After it’s soaked at least 5 hours or so I spin cycle the batting in the washer (don’t agitate it though!) to remove the water.  Then I throw it in the dryer on low just as I would with any delicates.  Because it dries fast, I check it often and take it out right when it’s dry so it’s not bouncing around in there needlessly getting too hot.


I use mainly Warm and White batting.  This roll in the picture is long gone (can you believe it?)…but now I usually buy it when it’s 50% off in King sized packs because that roll takes up a lot of room!

Thursday, March 1, 2012

A Pink Classic


After staring at fabrics for too long trying to decide what pattern to make my baby a quilt with…I went with classic hourglass blocks. There are probably loads of good tutorials for these blocks already, but since these are one of my favorites I wrote one up for this quilt:

Baby Hourglass Quilt: Quilt size: 32" x 41" , Block size (unfinished): 5" x 5"

You’ll need:

32 print 6" x 6" squares, and 32 white 6" x 6" squares (approx. 1 yard cut into 5 strips 6" x the fabric width, then subcut 7 squares from each strip). For this particular quilt I used about 8 different print fabrics, and cut 4 squares from each fabric.


1. Draw a diagonal line in pencil from corner to corner on the wrong side of each white square. I know…I hate this part too….if it helps this is how I line up my squares then I draw lines on multiple squares at one time:


2. Pin a print square and a white square right sides together with the pencil line facing up. Sew 1/4" from the line on each side ( I usually don’t pin these squares…but you should…I’m just lazy). Continue until all of the 32 print and white squares have been sewn together.


To make this process faster you can chain piece all of the squares. Sew on one side of the line on all of the squares, then without cutting the threads in between the blocks put them back through the machine and sew down the other side. Then when you’re all finished clip both threads in between each block.


3. Place a square on the cutting mat, and cut down the pencil line from corner to corner. DO NOT MOVE THE PIECES YET! ( I pulled mine apart a little just so you can see the cut)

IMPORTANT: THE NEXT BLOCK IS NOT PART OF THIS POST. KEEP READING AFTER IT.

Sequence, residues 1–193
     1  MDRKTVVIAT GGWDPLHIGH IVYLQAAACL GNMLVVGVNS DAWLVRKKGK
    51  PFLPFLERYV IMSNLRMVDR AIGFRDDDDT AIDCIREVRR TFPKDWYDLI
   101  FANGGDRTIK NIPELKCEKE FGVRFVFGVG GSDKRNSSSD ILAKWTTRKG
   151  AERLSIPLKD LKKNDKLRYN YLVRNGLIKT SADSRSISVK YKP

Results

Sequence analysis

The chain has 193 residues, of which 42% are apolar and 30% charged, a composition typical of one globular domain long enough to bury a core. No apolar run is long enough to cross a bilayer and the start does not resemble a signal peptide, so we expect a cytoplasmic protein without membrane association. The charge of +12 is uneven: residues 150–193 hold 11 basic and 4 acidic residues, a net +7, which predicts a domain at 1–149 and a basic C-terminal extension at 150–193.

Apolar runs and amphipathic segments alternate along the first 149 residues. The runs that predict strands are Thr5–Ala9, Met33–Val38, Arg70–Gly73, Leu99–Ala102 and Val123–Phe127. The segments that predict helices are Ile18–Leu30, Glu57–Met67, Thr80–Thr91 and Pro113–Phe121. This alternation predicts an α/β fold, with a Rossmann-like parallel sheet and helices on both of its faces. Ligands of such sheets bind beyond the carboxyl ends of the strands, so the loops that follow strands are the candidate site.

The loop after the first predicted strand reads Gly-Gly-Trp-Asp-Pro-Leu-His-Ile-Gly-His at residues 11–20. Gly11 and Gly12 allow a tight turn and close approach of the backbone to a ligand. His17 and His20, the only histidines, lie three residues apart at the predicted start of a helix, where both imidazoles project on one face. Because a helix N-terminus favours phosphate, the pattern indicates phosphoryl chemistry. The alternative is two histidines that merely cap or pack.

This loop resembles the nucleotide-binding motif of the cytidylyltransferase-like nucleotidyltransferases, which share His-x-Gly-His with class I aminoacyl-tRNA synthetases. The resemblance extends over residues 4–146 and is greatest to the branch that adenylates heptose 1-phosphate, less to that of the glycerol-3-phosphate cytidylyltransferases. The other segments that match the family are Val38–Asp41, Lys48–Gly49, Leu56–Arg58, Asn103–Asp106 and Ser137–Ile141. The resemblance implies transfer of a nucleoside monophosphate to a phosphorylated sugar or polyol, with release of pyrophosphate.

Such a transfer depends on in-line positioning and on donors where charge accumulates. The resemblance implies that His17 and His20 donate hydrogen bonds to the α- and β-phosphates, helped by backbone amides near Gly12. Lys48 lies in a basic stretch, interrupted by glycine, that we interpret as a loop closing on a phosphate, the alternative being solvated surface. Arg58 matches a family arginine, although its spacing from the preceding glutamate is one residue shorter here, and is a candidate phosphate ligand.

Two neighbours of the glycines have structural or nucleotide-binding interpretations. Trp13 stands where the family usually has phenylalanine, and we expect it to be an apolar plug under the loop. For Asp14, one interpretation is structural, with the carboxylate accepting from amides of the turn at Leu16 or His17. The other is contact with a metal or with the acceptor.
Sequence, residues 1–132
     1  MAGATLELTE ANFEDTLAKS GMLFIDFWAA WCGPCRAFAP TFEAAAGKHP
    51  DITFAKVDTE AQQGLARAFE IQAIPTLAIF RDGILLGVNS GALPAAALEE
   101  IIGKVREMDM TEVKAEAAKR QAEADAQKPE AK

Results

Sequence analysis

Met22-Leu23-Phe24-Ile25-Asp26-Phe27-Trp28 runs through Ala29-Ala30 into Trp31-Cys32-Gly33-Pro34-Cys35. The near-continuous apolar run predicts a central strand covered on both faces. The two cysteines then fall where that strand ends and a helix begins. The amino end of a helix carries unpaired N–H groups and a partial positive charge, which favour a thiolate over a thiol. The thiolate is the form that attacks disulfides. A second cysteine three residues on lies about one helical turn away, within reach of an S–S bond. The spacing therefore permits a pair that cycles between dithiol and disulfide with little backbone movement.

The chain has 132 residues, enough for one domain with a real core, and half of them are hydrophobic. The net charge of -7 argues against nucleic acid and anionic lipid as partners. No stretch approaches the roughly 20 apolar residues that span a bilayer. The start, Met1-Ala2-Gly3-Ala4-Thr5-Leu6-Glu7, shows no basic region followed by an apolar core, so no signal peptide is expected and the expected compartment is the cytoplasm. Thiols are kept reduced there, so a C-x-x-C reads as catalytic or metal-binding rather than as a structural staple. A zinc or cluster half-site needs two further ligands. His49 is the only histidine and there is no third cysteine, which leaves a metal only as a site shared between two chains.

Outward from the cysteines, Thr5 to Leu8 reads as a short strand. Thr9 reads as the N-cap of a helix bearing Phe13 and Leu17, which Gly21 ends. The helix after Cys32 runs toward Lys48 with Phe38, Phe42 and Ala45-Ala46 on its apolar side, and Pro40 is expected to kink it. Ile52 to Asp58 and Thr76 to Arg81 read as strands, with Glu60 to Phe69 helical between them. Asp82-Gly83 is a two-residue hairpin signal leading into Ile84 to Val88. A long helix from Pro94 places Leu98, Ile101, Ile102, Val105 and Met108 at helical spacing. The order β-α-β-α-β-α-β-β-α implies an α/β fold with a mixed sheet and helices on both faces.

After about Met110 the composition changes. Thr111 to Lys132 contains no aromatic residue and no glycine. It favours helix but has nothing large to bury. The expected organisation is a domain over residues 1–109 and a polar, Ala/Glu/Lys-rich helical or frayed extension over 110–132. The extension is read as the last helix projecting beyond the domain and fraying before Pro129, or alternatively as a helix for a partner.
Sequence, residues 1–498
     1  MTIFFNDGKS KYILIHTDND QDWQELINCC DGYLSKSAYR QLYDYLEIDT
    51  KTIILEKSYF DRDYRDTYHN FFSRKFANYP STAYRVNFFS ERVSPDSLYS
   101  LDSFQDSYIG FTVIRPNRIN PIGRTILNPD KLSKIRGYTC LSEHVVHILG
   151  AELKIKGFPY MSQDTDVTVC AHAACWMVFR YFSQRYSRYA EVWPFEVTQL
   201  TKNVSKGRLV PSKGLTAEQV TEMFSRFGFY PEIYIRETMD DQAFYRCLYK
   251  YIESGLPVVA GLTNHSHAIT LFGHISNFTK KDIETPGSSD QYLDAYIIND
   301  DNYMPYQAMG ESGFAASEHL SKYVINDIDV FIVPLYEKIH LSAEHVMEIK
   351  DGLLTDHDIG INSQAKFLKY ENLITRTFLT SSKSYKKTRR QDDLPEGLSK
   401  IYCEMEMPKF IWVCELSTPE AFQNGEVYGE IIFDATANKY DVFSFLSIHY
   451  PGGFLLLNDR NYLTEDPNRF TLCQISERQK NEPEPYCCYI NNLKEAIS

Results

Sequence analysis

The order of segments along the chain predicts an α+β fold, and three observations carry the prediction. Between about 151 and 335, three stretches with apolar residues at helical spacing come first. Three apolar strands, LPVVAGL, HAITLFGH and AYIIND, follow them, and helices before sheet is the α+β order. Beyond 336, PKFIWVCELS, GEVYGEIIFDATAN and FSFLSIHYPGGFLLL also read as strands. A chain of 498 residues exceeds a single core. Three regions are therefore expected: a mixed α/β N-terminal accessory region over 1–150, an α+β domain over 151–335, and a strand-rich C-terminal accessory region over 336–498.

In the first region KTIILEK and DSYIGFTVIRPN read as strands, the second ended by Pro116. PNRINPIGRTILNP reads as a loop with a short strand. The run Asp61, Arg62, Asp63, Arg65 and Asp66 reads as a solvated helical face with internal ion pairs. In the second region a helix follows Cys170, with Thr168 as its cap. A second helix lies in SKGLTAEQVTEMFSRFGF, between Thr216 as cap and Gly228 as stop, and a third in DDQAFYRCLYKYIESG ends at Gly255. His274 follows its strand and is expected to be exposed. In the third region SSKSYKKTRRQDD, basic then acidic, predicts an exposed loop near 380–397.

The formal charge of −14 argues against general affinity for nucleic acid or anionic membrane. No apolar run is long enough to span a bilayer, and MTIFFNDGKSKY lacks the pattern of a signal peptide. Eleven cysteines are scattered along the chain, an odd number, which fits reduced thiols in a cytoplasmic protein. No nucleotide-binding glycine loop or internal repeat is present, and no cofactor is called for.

4. Cut another diagonal line from the other corner to corner on the same square.


5. Press the triangles towards the print fabrics. You should be able to lay out 2 hourglass blocks from this one cut square:


6. Match and pin the center seams, then sew the pieces together to make 2 hourglass blocks. Press seam to either side or open.



7. Now for the fun part (not really) squaring up the blocks to 5" x 5". Everyone has their own method of squaring…this is how I do mine:

Align the diagonal lines of my block with the diagonal lines on my cutting mat…


Measure from the center 2 1/2" out on one side, and trim off the excess. Do the same on the top or bottom, then you can align the edges along the grid lines and trim the remaining edges to make a 5" block. If your mat doesn’t have these handy grid lines you’ll have to find another way, but simply measuring 2 1/2" out from the center on each side should be fine. You can even cut more than one at a time if you’re not a perfectionist.



8. Lay the blocks out in 9 rows of 7 blocks each, rotating every other block. Sew the blocks into rows, and press the seams towards the print fabrics (that part is important so you’re seams will match up nice and tidy when sewing the rows together). Pin and sew the rows together to finish the quilt top.


Apparently it’s 5 year old boy torture to make him hold up a pink quilt…heaven forbid…you should have heard the grumbling.


*To make hourglass blocks in any size… cut your starting squares 1" larger than you’d like the (un) finished squares to be.

* The fabrics in this quilt are Daisy Cottage by Bee in my Bonnet Designs for Riley Blake (here, here, here, here, and here), and the bright pink small floral and polka dot are Children at Play by Sarah Jane for Michael Miller.